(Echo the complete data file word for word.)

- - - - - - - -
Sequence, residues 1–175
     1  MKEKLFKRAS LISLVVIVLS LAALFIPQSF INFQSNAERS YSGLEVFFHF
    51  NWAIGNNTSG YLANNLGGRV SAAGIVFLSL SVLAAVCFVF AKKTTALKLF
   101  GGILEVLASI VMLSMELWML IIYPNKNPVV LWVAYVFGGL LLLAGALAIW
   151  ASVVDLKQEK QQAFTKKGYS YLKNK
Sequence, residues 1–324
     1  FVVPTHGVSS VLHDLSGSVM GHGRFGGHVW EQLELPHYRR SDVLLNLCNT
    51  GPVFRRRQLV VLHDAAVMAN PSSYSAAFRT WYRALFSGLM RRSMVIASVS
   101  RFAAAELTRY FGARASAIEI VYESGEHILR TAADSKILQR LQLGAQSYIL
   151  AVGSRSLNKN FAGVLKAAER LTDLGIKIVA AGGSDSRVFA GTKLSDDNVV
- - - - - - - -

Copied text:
Sequence, residues 1–175
     1  MKEKLFKRAS LISLVVIVLS LAALFIPQSF INFQSNAERS YSGLEVFFHF
    51  NWAIGNNTSG YLANNLGGRV SAAGIVFLSL SVLAAVCFVF AKKTTALKLF
   101  GGILEVLASI VMLSMELWML IIYPNKNPVV LWVAYVFGGL LLLAGALAIW
   151  ASVVDLKQEK QQAFTKKGYS YLKNK
Sequence, residues 1–324
     1  FVVPTHGVSS VLHDLSGSVM GHGRFGGHVW EQLELPHYRR SDVLLNLCNT
    51  GPVFRRRQLV VLHDAAVMAN PSSYSAAFRT WYRALFSGLM RRSMVIASVS
   101  RFAAAELTRY FGARASAIEI VYESGEHILR TAADSKILQR LQLGAQSYIL
   151  AVGSRSLNKN FAGVLKAAER LTDLGIKIVA AGGSDSRVFA GTKLSDDNVV